33. Ba'alat Gebal (goddess of Byblos, Phoenicia)
  34. Baalshamin / Baal Shamem / Baal Shamaim (supreme sky god of Palmyra, Syria)
  35. Bast / Bastet / Lady of the East / Goddess of the Rising Sun / Sacred and All Seeing Eye (of Ra) / Goddess of the Moon (Egyptian goddess of protection, pleasure, and the bringer of good health)
  36. Bel / Bol (chief god of Palmyra, Syria)
  37. Berith (Canaanite)
  38. Bes (Egyptian god of music, merriment, and childbirth) / The Spanish isle of Ibiza is named for this God—“Island of Bes.”
  39. Boreas (Greek)
  40. Buchis (Egyptian)
  41. Ceto (Greek)
  42. Chaos (Greek)
  43. Chronos (Greek)
  44. Demeter / Démétér (goddess of agriculture) (Greek)
  45. Dionysus (Greek)
  46. Djehuty / Thoth (Egyptian god of the moon, sacred texts, mathematics, the sciences, magic, messenger and recorder of the deities, master of knowledge, and patron of scribes)
  47. Eileithyia (Greek)
  48. El (Canaanite)
  49. Enki / Ea (Sumerian, Canaanite, and Hittite god of water, knowledge, mischief, crafts, and creation)
  50. Enlil / Elil (Mesopotamian, Akkadian, Babylonian, and Assyrian god of wind, air, earth, storms)
  51. Enyo (Greek)
  52. Erebus (Greek)
  53. Ereshkigal (Mesopotamian goddess of the underworld)
  54. Erinyes (Greek)
  55. Eris (Greek)
  56. Eros (Greek)
  57. Ersa (Greek)
  58. Eshmun (Canaanite goddess of healing)
  59. Eurus (Greek)
  60. Eurynomos (Greek)
  61. Gaia (Greek)
  62. Geb (Egyptian)
  63. Glaucus (Greek)
  64. Hadad (Adad, Ishkur, and Ramman) (Canaanite / Mesopotamian) / equivalent to Zeus/Jupiter/Baal
  65. Hades (Greek)
  66. Hathor (Egyptian goddess of love, beauty, music, dancing, fertility, and pleasure / protector of women)
  67. Hebe (Greek)
  68. Hecate (Greek)
  69. Hemera (Greek)
  70. Hephaestus (Greek)
  71. Hera (Greek)
  72. Hestia (Greek)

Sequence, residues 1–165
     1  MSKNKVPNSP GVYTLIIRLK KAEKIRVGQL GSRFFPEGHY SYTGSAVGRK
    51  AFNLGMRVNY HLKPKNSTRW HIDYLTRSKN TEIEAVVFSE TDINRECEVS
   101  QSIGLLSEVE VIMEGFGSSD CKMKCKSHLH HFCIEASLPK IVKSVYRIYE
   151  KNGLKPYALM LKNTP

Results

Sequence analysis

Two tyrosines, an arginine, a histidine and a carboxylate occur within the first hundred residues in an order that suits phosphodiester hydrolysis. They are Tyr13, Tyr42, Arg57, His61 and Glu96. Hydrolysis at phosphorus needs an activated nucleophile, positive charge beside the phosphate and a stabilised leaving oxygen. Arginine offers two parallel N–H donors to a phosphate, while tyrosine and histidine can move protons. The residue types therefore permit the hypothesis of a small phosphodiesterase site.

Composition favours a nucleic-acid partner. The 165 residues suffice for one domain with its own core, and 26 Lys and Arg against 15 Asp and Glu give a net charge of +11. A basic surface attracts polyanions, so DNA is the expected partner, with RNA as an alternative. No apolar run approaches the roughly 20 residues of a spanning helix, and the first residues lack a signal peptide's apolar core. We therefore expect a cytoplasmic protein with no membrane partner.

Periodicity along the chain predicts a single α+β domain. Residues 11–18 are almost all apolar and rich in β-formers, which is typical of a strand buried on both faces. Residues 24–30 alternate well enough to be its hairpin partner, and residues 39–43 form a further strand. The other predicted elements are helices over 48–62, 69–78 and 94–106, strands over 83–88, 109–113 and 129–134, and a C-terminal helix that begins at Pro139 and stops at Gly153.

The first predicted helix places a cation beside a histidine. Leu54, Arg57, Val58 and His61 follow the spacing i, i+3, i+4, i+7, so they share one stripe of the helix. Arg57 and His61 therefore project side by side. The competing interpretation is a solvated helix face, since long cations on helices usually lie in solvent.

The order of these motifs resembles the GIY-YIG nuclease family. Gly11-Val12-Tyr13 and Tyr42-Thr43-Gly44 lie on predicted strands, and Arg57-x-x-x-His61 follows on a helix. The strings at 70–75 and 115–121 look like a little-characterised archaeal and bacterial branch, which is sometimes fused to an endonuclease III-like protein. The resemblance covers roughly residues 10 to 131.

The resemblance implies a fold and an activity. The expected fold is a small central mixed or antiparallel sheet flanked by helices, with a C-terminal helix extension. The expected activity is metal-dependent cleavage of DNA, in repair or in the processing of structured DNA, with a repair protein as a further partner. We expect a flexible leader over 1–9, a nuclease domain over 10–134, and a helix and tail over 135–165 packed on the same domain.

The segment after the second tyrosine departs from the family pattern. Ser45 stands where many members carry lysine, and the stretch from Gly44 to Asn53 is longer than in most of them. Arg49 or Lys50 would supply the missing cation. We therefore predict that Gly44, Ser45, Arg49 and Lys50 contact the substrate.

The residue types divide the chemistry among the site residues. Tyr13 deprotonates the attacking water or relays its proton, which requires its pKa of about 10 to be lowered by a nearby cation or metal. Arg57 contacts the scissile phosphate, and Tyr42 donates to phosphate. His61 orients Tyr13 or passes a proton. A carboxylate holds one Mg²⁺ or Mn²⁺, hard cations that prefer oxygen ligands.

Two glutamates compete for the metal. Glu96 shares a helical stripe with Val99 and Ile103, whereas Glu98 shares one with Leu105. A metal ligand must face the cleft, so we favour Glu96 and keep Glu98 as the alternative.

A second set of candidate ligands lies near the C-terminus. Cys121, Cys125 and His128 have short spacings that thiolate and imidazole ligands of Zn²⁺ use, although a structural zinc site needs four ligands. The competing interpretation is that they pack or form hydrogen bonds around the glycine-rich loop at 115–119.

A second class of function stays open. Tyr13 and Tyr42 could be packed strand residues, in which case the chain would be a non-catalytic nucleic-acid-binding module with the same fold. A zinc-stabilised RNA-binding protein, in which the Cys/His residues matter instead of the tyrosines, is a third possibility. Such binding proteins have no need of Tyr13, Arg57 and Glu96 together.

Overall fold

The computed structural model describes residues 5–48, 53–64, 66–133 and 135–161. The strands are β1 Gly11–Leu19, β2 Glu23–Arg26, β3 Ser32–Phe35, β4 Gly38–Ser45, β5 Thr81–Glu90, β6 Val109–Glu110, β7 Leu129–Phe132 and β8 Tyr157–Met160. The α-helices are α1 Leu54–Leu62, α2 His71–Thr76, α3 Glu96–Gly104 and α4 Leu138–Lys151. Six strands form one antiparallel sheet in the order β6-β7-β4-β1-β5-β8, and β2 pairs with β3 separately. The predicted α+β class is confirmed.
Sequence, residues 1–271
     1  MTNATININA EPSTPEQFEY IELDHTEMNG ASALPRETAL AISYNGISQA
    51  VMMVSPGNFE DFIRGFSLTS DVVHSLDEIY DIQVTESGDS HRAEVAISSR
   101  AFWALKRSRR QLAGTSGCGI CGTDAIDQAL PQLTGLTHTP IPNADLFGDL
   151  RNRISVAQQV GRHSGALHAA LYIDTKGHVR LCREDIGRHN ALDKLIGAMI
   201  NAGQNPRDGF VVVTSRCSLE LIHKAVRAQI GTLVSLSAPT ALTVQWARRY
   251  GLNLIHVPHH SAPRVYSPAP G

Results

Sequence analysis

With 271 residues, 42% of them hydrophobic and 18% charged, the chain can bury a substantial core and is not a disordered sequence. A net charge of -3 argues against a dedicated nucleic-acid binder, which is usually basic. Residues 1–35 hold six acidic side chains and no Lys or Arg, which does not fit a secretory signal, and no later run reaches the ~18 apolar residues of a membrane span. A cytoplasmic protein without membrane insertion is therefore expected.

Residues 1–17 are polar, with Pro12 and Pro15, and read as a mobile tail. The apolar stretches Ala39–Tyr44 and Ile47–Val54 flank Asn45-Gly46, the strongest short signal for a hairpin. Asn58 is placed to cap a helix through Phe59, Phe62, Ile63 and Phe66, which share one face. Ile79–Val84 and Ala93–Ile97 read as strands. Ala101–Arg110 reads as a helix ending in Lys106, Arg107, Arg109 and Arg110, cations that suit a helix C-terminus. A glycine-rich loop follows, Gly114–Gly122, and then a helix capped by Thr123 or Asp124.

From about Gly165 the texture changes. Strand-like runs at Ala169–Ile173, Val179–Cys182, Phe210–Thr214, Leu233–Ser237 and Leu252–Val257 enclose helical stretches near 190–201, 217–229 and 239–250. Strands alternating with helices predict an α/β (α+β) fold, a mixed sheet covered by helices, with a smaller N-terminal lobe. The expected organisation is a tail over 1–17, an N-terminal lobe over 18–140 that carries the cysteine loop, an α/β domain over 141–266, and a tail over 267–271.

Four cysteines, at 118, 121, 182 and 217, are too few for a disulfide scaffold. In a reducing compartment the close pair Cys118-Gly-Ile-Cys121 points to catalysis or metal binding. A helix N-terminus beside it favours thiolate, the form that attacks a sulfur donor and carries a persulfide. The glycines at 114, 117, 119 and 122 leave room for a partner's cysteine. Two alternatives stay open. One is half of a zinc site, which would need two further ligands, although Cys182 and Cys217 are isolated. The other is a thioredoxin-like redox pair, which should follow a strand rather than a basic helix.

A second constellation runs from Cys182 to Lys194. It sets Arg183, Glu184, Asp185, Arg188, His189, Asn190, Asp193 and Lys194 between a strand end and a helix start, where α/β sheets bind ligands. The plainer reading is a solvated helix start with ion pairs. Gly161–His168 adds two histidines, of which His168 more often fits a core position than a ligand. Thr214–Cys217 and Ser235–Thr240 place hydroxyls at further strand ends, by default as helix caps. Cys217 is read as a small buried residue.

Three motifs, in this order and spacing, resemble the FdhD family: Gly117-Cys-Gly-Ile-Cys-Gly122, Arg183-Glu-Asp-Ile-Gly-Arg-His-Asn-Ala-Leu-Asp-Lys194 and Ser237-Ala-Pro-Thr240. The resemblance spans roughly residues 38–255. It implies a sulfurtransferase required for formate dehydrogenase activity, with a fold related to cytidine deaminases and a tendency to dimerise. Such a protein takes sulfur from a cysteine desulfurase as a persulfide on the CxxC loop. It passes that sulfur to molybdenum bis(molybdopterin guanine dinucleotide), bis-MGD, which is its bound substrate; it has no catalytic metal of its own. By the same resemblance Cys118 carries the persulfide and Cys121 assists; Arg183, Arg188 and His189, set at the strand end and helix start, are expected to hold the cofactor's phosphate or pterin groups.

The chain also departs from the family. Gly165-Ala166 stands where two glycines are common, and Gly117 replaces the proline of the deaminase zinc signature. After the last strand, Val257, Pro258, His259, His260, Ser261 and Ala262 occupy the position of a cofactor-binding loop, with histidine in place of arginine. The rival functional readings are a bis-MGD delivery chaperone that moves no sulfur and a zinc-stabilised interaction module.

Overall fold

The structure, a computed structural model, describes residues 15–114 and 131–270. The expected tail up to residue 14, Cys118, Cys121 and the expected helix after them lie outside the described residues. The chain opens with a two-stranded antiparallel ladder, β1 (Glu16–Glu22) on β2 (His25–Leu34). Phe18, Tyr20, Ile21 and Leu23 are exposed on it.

73. Hišmitik / Hismitik (Elamite)
  74. Horon (Canaanite god of the underworld)
  75. Horus (Egyptian god of war and the sky)
  76. Humban (Enlil) (Elamite)
  77. Hymen (Hymenaios, Hymenaeus, Humén, Humen) (Greek god of weddings and son of Apollo)
  78. Iacchus (Greek)
  79. Inshushinak (Ninurta) (Elamite)
  80. Ishara (Canaanite goddess, wife of Dagon)
  81. Ishat (Canaanite goddess of fire, wife of Moloch)
  82. Ishmekarab (Elamite)
  83. Ishtaran (Sumerian, god of city of Der)
  84. Isis (Greek) (see: Ishtar)
  85. Jabru (Anu, Enlil) (Elamite)
  86. Kiririsha (Elamite)
  87. Kirmašir / Kirmasir (Elamite)
  88. Kotharat (Kotharot, Kathirat) (Canaanite goddess of marriage and pregnancy)
  89. Kothar-wa-Khasis (Canaanite god of craftsmanship and weapons)
  90. Kunzibami (Elamite)
  91. Lagamar (Nergal) (Elamite)
  92. Lahmu (Mesopotamian / Nineveh)
  93. Liluri (Canaanite)
  94. Liluri (Syrian)
  95. Malakbel (Canaanite Sun god, and of vegetation, welfare, angel of Bel)
  96. Manungal (Sumerian, Babylonian, and Akkadian goddess of the underworld, punishment, prisons)
  97. Manuzi (Canaanite god of weather and husband of Liluri)
  98. Manuzi (Syrian)
  99. Manzat (Elamite rainbow goddess)
  100. Marduk (associated with planet Jupiter) (Babylonian god of creation, judgment, water, magic / patron god of the city of Babylon)
  101. Marqod (Baal-Marqod) (Phoenician god of dance)
  102. Mašti / Masti (Elamite)
  103. Ma’at (Egyptian goddess of truth, justice, balance, and paintings)
  104. Melinoë / Melinoe (Greek)
  105. Melqart (Phoenician / god of Tyre, the underworld and cycle of vegetation)
  106. Misor (Canaanite god)
  107. Moirai (Greek)
  108. Mot (Mavet, Muth, Maveth, Maweth, Mutu, Mūtu) (Canaanite god of death)
  109. Mummu (Mesopotamian)
  110. Nahhunte (Utu / Shamash) (Elamite Sun god / Babylonian)
  111. Naiads (Greek)
  112. Nammu (Sumerian) / Tiamat (Babylonian)
  113. Napir (Elamite Moon god)
  114. Napirisha (Enki)(Elamite)
  115. Narundi (Ishtar or Nanaya —Mesopotamian goddess of love) (Elamite goddess known from Susa)